Thursday, April 23, 2009

Graham Greene on Love, Hate, and Piety

I decided I had better read Graham Greene's great novel, The Power and the Glory (1940; Penguin Classics reprint 2003), because my colleague, Sean Davidson, gets so excited working through it with his first year English students. Now I see why. Here are a few highlights . . .

On love:
'Oh,' the priest said, 'that's another thing altogether - God is love. I don't say the heart doesn't feel a taste of it, but what a taste. The smallest glass of love mixed with a pint pot of ditch-water. We wouldn't recognize that love. It might even look like hate. It would be enough to scare us - God's love. It set fire to a bush in the desert, didn't it, and smashed open graves and set the dead walking in the dark. Oh, a man like me would run a mile to get away if he felt that love around' (199-200).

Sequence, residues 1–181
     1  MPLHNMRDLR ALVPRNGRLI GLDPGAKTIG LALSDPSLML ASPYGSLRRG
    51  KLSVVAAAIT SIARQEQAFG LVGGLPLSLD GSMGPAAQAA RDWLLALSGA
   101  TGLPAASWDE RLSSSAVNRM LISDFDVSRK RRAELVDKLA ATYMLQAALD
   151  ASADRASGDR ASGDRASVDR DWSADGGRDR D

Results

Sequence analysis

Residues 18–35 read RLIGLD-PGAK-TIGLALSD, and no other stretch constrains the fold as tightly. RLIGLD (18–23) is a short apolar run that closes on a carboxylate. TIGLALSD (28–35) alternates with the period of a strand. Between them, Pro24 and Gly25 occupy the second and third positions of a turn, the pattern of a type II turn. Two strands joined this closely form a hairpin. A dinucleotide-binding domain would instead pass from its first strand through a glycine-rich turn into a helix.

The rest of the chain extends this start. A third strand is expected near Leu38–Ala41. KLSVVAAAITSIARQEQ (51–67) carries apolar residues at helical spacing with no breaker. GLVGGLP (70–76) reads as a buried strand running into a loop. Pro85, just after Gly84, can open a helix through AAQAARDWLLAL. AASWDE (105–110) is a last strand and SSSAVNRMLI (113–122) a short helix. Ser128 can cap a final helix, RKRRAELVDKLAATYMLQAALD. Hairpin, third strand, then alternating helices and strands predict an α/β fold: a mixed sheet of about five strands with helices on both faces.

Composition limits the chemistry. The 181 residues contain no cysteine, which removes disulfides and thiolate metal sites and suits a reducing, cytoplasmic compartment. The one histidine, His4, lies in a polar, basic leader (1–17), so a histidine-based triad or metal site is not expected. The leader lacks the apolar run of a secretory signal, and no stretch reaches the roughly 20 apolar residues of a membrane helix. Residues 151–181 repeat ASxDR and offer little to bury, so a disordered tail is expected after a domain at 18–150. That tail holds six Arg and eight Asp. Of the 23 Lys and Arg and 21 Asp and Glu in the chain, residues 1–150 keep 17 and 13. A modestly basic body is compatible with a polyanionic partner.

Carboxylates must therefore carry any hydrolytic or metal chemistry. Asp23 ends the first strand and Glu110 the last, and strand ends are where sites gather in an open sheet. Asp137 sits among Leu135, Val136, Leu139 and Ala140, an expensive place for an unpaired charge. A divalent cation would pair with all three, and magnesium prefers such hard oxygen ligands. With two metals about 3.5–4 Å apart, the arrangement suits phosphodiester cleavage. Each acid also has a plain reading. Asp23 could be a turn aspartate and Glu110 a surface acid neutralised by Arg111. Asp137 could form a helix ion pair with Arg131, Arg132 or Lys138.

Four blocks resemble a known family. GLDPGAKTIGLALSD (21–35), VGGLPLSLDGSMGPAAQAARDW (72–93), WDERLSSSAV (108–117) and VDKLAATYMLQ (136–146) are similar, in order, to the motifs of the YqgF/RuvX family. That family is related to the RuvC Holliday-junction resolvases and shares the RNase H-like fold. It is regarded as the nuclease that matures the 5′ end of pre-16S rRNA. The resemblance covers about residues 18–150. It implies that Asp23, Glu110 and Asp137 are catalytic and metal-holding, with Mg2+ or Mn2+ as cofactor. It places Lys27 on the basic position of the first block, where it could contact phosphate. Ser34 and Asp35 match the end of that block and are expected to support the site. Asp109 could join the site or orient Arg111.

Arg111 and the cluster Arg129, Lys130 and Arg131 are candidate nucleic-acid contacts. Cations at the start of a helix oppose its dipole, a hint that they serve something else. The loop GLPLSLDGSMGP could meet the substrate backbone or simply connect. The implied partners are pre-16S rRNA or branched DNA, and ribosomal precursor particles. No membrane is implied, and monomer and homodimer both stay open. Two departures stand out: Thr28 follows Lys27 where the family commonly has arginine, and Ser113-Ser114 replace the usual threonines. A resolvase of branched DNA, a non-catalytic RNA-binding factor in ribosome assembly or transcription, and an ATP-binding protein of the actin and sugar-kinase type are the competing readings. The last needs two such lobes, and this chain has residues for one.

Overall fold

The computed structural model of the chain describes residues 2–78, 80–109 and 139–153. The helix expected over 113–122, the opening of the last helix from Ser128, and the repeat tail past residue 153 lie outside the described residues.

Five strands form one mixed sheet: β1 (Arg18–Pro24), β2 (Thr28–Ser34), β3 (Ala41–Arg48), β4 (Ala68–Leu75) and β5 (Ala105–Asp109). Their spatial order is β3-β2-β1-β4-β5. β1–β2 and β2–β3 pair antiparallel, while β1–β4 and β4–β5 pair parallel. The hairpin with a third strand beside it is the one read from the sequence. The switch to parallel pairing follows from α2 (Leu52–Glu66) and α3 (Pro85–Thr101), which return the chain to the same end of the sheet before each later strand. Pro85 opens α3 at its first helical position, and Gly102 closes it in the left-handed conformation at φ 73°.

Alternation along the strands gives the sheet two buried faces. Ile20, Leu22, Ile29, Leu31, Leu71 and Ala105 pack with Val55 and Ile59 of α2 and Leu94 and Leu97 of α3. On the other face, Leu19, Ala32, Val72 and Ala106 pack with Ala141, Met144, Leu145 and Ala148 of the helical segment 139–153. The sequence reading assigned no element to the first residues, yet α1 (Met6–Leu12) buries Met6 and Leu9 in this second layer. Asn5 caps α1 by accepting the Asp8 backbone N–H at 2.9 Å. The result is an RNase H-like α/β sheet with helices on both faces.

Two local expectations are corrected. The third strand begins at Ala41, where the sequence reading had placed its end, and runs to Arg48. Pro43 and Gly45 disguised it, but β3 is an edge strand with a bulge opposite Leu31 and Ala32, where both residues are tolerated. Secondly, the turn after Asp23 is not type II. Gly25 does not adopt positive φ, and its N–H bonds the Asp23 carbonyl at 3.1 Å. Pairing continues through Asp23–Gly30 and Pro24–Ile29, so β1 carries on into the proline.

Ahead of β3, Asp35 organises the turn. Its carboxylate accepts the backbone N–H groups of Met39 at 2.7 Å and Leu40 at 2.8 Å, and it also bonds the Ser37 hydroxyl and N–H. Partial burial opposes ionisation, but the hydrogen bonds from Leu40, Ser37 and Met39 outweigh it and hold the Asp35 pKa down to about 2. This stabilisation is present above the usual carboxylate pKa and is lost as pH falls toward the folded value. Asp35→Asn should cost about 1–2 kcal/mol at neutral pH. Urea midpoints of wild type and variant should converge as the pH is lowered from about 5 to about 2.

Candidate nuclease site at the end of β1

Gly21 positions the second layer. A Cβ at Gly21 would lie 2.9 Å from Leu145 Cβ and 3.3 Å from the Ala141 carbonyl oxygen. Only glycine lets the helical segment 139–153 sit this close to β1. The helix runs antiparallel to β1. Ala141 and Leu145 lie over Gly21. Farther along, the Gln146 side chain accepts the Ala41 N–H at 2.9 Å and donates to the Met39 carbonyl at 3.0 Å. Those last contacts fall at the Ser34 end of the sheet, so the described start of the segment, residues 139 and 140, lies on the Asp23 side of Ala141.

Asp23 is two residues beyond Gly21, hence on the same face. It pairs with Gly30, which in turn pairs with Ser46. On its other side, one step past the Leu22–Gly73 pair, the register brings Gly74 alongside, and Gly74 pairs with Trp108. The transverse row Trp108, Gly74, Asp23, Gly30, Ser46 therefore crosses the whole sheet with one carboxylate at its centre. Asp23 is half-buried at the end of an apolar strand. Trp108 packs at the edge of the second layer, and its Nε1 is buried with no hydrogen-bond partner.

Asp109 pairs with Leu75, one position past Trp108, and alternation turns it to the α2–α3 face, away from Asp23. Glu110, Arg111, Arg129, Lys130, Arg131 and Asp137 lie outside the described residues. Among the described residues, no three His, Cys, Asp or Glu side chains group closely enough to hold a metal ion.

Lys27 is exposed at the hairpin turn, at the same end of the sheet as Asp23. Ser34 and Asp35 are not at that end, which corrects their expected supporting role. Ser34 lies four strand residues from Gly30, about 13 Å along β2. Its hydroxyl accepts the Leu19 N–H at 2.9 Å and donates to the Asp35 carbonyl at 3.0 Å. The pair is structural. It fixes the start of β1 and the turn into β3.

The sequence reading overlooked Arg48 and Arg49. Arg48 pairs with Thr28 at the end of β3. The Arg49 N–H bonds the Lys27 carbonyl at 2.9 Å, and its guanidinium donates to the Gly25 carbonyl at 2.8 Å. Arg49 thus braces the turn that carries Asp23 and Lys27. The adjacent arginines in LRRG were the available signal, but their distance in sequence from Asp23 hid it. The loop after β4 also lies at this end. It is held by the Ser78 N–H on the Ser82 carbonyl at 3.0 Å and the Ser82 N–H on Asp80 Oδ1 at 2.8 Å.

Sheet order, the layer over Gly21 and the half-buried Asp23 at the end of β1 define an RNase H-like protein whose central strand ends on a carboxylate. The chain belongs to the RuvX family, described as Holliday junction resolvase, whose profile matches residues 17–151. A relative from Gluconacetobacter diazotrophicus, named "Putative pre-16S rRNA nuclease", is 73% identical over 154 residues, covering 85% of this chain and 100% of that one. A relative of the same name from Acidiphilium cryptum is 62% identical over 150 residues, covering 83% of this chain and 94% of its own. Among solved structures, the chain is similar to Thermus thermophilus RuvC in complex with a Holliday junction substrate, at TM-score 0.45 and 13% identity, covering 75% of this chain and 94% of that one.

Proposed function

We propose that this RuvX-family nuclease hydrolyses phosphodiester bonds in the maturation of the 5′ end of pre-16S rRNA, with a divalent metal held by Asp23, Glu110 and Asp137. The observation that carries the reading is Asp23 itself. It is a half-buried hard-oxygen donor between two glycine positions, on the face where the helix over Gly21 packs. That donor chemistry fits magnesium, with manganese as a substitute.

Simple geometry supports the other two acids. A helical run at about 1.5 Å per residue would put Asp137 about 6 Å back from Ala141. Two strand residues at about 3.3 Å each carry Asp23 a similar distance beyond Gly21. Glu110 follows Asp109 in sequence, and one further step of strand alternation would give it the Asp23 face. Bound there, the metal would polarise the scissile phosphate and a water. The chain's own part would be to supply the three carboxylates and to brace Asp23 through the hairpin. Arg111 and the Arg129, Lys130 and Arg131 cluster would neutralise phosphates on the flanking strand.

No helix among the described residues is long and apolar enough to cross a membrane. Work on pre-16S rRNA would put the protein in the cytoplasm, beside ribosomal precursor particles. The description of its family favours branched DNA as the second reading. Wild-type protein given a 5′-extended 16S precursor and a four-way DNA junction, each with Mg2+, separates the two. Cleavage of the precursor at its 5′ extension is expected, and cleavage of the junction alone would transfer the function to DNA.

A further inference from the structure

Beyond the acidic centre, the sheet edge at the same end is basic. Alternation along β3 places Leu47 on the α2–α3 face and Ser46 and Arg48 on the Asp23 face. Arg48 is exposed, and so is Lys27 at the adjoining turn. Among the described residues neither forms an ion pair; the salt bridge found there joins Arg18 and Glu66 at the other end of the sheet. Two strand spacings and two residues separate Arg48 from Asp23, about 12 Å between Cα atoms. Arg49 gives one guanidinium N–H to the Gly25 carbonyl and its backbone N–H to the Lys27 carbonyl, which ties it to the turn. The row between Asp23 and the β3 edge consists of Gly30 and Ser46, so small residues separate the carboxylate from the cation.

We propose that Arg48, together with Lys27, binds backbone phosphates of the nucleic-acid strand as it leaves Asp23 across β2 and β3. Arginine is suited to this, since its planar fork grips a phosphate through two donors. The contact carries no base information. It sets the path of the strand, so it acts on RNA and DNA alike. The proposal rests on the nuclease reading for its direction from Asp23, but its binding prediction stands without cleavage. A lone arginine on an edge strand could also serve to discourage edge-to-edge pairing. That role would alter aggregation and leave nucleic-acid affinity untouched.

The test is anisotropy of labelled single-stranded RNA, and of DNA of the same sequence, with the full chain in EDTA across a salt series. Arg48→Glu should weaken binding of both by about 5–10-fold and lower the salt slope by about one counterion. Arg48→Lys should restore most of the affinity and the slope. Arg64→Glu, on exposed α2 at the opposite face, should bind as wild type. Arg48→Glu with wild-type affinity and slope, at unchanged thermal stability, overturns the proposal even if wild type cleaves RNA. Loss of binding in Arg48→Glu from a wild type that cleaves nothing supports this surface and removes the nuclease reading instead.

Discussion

On hate:
He couldn't see her in the darkness, but there were plenty of faces he could remember from the old days which fitted the voice. When you visualized a man or woman carefully, you could always begin to feel pity - that was a quality God's image carried with it. When you saw the lines at the corners of the eyes, the shape of the mouth, how the hair grew, it was impossible to hate. Hate was just a failure of imagination (131).
On piety:
He had always been worried by the fate of pious women. As much as politicians, they fed on illusion. He was frightened for them: they came to death so often in a state of invincible complacency, full of uncharity. It was one's duty, if one could, to rob them of their sentimental notions of what was good . . . (127).
One of the novel's main emphases, it seems to me, is the depravity of common piety.

1 comment:

Anonymous said...

This book is a contender for my favorite novel ever.